Emails have been flying back and forth for a number of months while we all waited for The Adventurists to suddenly regain sanity regarding this race, but this has not happened. Apparently the race is on, the participants have ponied up their entrance fee (to use an unforgivable pun) and possibly the biggest equestrian disaster to hit the news in recent time is in the offing. No efforts have been made for this to be sanctioned under international rules with the appropriate supervision by stewards and vets. In a serious endurance race, it is required that horses pass a veterinary check at the beginning, the end, and at stages throughout the race, generally not more that 25 miles apart. The horses' condition is of the utmost concern and if the horse is not fit to continue the rider and horse are disqualified. There are NO veterinarians involved in this project at all. A group of relatively inexperienced riders are on their own.

I would suggest that you go to the website linked to the title of this post to see the research that the Guild has conducted in their efforts to convince The Adventurists that while dropping off clueless auto enthusiasts in uncomfortable places might endanger the humans involved, they have no right to endanger the horses of Mongolia in this way. There are a number of petitions that can be signed, letters that can be sent. We are all hoping that someone with a degree of sense will block this madness. The world is a smaller place now and we are all responsible for it.

Read http://www.thelongridersguild.com/mongolia.htm

copyright 2009 Maryanne Stroud Gabbani

Wednesday, January 28, 2009

Window Shopping

The EAO, Egyptian Agricultural Organisation, is the inheritor of the Royal Egyptian Stud and a repository of bloodlines for the Egyptian Arabian horse. Roughly four hundred horses share big shady paddocks under the eucalyptus trees in Ain Shams, just outside of Heliopolis, an area that once was farmland but now, like much of Cairo, is crowded with apartment buildings. The horses there can trace pedigrees back a couple of hundred years to the deserts of Saudi Arabia, Syria, Jordan, and Iraq. Much of the original blood stock was collected during military campaigns during the 1800's, during buying expeditions of the same time, or as gifts to the Egyptian monarchy.

After the revolution, the new military rulers of Egypt were not convinced that a national stud was a necessity and the private studs were considered decadent. Some of the horses in private studs were dispersed to to carters and carriage drivers, only to be discretely bought back by friends of the original owners so as not to lose the valuable bloodlines. Eventually, the new rulers of Egypt were persuaded that the horses were part of the national heritage, but the budget for the EAO has never been generous. During the 60's and 70's many of the best horses at the EAO were bought by foreigners who were establishing stud farms in North America and Europe. At some point I'm not sure when, it was decided that horses at the EAO would only be sold at auction to ensure that local breeders would have an equal chance (depending on their budgets of course) to purchase as the foreign breeders would have. Sometimes the auctions are only stallions, sometimes mares, and sometimes both are represented. This January the sale was for both mares and stallions.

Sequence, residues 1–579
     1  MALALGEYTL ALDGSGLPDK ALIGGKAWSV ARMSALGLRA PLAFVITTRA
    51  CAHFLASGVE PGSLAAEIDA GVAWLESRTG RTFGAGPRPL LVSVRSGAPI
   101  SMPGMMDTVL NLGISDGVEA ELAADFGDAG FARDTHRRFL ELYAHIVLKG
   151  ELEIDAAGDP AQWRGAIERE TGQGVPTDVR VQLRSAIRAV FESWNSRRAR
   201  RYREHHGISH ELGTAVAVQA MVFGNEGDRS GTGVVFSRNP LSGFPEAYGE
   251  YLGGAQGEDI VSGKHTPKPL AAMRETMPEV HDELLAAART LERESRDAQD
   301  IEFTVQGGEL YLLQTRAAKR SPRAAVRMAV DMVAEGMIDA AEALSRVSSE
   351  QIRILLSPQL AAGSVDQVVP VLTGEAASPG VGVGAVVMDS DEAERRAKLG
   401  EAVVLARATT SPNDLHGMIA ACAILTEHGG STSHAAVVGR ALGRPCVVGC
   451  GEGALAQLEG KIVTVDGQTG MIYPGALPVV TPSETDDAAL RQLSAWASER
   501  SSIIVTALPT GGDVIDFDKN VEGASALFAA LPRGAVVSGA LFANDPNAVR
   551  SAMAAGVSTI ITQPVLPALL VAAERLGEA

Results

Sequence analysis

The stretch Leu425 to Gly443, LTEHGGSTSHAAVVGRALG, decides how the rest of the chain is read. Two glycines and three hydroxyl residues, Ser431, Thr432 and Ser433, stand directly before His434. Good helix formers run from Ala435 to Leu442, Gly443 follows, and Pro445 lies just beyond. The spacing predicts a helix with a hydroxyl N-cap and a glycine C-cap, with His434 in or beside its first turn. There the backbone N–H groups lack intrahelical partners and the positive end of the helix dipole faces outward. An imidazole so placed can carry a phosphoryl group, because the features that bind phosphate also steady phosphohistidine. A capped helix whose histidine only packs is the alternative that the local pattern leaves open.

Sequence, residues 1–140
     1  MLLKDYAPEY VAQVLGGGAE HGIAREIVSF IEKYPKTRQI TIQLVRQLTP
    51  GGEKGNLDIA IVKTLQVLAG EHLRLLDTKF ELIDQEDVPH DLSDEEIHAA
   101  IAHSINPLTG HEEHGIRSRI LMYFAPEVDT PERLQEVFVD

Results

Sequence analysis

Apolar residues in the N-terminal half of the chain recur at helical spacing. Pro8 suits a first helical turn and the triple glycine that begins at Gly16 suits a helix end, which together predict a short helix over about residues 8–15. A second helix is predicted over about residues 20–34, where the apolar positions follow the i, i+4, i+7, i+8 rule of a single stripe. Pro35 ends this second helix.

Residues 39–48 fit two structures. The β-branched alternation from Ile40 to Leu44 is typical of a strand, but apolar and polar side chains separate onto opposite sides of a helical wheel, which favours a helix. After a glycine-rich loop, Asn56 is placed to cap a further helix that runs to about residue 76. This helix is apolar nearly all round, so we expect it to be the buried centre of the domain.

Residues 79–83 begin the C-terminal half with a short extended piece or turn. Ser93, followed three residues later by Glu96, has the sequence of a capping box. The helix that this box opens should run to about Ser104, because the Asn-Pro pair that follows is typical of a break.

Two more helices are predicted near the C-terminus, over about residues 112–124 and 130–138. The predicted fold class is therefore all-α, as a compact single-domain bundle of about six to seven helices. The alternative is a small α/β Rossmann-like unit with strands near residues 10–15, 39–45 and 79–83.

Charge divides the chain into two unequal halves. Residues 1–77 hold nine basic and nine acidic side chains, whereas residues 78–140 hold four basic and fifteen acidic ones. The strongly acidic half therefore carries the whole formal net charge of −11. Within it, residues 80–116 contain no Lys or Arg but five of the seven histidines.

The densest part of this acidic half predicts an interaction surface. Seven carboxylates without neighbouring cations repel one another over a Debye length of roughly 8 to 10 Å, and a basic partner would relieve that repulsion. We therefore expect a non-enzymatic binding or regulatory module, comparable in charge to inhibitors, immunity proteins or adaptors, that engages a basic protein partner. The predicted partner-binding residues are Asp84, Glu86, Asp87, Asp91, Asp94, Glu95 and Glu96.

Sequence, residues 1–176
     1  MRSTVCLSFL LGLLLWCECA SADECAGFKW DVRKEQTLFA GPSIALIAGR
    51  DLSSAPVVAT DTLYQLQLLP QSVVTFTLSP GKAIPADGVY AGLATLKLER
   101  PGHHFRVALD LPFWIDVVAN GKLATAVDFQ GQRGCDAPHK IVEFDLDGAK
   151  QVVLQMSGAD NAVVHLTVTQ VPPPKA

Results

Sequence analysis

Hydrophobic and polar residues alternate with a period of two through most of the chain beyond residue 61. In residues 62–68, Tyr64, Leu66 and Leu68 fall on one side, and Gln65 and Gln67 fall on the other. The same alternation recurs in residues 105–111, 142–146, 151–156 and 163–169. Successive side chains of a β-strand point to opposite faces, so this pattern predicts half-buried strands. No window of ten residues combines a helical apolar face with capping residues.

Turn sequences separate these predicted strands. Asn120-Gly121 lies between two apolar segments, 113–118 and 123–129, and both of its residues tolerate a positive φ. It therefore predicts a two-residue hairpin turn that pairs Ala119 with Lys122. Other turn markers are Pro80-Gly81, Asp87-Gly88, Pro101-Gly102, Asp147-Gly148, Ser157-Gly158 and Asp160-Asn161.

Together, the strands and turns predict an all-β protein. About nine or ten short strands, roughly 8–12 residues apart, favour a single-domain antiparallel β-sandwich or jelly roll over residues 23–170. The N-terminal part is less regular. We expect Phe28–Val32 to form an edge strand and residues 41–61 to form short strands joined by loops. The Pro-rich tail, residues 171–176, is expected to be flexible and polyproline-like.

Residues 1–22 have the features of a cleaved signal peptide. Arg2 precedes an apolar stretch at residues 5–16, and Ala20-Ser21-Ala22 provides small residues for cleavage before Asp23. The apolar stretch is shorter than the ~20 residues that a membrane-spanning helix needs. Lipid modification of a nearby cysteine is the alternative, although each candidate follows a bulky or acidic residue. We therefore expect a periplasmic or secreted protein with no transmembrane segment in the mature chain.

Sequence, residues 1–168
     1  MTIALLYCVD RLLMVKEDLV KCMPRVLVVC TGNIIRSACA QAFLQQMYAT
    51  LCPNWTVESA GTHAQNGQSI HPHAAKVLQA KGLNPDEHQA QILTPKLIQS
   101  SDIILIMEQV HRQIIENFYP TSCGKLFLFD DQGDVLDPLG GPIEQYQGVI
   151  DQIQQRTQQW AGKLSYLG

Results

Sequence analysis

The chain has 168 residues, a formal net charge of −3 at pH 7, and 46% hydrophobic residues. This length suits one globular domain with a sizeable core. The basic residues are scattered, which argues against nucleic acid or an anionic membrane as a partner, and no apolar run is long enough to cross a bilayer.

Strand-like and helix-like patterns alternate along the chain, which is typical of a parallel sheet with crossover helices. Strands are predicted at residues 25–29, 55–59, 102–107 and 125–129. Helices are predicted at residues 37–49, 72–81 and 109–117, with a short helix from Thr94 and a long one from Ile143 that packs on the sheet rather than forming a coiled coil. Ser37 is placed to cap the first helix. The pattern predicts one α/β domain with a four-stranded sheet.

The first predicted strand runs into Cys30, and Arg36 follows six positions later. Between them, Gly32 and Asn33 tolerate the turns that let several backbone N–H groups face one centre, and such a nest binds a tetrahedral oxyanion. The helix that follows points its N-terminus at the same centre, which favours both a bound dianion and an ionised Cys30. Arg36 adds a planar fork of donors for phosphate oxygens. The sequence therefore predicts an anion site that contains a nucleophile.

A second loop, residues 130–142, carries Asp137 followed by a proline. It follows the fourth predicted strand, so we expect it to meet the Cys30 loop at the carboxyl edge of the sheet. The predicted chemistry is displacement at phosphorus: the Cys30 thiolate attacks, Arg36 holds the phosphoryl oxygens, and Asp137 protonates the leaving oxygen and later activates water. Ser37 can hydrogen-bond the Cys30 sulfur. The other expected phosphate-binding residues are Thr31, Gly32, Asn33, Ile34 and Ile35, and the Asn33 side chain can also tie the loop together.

I wasn't in the market for horses, not having anything like the budget for these bluebloods, but some friends wanted to go and watch the auction for a while, so we all packed into the jeep to window shop. The auction attracts horse lovers of every type. Men, women, locals, foreigners, wealthy breeders and much less wealthy stable owners...everyone gathered around a large paddock to watch mares, stallions, fillies, and colts showing off for the crowd while bids flew. Some of the horses were destined for the race track, some for breeding farms, and others for family farms where they would be trained for riding.

The prices ranged from about 15 thousand Egyptian pounds (about USD 3 thousand) to over 200 thousand Egyptian pounds that I saw bid for a lovely chestnut mare in foal to one of the EAO stallions. She was one that I would have loved to have added to my herd, but it was not to be. The event was covered by Egyptian television with a jeans-clad interviewer wandering the grounds talking to buyers, breeders and EAO officials for the camera.

We didn't stay for the entire sale. There were horses at home to take care of and the Cairo traffic wasn't going to be kind...it never is. As we left the stud we walked past the empty paddocks with the huge round feeding stands in the center and wondered about the futures of the horses we had been watching all afternoon.

copyright 2009 Maryanne Stroud Gabbani